The last few months have solidified one concept for me: we are more in need of good manners than a little bit of knowledge. Don’t get me wrong here – the need for knowledge is immense. I pray that we continue to learn that which is beneficial to society as a whole until the day we die. However, people tend not to listen to those who are rude and condescending even if they are knowledgeable. This is amplified for those who speak on behalf of religion.
Ramadan is a month of reflection and looking at ourselves. We want to improve ourselves for the upcoming year and benefit our akhirah. It is relatively ‘simple’ (I use this term loosely) to fast and pray in this age of air conditioning and summer vacations where we can sleep the hot day away and stay up the short nights. The real challenge comes into how you act when you are hungry and someone annoys or angers you. When things don’t go according to your plan. When you are running late to an important meeting. When you meet someone new and when you see someone you haven’t seen in a while. When dealing with your family. When just frustrated about something in general and taking it out out on the first person who comes by.
Anas radhiaAllahu ‘anhu, said, “I served RasulAllah, sal Allahu ‘alayhi wa sallam, for ten years. During that time, he never once said to me as much as ‘Oof’ if I did something wrong. He never asked me, if I had failed to do something, ‘Why did you not do it?,’ and he never said to me, if I had done something wrong, ‘Why did you do it?” [Bukhari]
Anas ibn Malik was with the Rasool for a decade. Think about that for a second. He watched his actions during the good times and the bad. He watched him deal with his family. He watched him interact with the general public. He saw him interact with those whom he had just met and those whom he had known for ages. He observed him while he was fasting and when he was not. He pretty much saw it all. Yet could not recall a time when the Rasool took out any sort of frustration upon him.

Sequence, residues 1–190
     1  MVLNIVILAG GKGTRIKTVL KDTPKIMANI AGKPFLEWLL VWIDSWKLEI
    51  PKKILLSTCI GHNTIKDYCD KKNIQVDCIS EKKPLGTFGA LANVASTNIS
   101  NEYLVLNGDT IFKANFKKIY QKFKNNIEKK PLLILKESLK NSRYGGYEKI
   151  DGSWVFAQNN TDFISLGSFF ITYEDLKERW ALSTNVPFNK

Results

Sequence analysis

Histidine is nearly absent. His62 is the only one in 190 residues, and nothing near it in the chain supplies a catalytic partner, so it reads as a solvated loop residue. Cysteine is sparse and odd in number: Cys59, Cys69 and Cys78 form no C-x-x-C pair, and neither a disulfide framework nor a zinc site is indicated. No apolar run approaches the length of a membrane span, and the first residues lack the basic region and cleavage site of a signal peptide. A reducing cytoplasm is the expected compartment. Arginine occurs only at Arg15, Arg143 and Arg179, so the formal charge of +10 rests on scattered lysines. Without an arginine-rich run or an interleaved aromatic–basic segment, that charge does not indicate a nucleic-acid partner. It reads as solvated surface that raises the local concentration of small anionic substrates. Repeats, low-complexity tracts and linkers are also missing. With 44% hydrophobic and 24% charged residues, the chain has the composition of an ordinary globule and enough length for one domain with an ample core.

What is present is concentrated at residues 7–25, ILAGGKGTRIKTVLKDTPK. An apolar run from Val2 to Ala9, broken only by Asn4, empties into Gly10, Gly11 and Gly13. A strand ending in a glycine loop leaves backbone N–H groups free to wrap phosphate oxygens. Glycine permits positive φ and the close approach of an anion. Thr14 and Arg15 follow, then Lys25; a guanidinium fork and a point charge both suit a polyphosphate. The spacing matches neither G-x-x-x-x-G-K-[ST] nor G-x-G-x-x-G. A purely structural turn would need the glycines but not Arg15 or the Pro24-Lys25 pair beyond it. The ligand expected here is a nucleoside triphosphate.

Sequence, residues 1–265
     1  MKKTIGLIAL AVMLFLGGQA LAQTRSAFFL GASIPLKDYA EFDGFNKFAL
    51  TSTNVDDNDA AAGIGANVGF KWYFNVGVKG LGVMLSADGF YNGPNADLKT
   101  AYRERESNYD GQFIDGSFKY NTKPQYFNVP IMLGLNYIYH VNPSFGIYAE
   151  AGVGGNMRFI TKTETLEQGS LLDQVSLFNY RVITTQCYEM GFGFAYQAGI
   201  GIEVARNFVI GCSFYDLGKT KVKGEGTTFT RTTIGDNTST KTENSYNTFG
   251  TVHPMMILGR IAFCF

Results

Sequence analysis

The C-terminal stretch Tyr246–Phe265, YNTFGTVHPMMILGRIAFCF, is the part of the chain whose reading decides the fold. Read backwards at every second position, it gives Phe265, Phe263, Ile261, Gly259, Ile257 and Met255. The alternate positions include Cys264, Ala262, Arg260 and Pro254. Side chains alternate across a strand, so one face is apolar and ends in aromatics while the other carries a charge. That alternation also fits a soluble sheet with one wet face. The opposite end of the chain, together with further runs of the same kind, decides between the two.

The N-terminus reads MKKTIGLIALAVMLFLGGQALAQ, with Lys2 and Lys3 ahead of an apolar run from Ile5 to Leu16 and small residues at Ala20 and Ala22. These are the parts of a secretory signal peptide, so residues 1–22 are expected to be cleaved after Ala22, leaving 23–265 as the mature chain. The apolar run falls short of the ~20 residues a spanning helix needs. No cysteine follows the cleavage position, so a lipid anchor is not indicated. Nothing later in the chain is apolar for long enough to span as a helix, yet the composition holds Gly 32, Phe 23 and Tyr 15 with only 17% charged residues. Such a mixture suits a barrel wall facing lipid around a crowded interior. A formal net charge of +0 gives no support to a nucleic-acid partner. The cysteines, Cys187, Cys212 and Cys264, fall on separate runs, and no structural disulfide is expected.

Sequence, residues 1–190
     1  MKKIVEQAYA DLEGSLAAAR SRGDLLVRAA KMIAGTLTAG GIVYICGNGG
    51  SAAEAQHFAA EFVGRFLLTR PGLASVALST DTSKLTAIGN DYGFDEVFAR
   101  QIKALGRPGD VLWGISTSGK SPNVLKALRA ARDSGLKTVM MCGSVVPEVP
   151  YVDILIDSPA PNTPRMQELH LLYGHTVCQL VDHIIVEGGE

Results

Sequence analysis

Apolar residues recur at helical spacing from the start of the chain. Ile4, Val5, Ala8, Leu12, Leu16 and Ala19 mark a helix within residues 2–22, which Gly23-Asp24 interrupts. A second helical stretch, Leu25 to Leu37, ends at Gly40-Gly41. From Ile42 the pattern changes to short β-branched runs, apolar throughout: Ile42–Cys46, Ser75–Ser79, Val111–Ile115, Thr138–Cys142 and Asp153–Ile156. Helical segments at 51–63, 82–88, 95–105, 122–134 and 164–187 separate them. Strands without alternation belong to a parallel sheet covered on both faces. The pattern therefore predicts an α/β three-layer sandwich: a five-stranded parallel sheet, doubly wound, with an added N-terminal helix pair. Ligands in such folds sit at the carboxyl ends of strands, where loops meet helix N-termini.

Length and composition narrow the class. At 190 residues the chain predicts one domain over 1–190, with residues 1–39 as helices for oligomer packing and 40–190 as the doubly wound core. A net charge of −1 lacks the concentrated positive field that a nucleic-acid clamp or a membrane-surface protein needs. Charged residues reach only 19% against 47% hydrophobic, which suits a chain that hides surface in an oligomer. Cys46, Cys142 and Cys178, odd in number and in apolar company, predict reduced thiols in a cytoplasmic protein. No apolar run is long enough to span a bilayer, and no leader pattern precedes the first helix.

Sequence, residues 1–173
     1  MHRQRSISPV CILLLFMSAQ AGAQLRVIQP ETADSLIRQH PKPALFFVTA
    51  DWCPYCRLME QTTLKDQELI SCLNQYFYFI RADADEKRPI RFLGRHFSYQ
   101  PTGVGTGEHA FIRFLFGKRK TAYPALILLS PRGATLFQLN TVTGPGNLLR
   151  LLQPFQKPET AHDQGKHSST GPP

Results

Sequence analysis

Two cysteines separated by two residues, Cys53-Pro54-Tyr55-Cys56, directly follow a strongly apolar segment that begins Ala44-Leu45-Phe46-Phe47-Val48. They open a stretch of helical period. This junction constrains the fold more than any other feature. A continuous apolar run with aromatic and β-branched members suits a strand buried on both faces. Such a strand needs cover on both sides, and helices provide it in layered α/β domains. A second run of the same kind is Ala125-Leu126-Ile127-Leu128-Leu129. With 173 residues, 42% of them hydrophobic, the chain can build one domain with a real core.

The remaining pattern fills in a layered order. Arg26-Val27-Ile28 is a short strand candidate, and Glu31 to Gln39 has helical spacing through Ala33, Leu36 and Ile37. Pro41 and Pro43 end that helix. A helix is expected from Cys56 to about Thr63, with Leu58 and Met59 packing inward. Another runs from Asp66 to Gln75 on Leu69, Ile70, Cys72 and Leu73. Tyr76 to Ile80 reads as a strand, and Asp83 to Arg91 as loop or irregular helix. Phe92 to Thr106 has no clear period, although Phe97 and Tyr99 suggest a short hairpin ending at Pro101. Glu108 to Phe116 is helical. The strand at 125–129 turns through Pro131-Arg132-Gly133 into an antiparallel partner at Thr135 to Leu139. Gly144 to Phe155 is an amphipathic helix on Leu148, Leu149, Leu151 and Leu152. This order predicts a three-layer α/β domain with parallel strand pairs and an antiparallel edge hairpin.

For many of us, a person just needs to watch us for an hour to see the anger come out. And what about when fasting? Shaykh Ibrahim, during Jummah a few weeks ago, mentioned how we all know a person (or may be that person!) who is the one to avoid while fasting. Br. or Sr. Bad Mood While Hungry. Hangry. Stay away or else you will suffer his or her wrath. After iftar? All is back to normal. SubhanAllah, what a backwards concept. How different it is from our righteous predecessors.
We should be more aware of our actions while fasting than any other time. It should be a training ground, not just physically or spiritually, but for our interactions with others. We hear all the time about the physical acts – which shouldn’t be ignored! – but too quickly set aside our adaab. I hope that this Ramadan is a reflection upon our manners. We can attain a lot of other things, both in our deen and dunya, but without proper akhlaaq, they will be useless.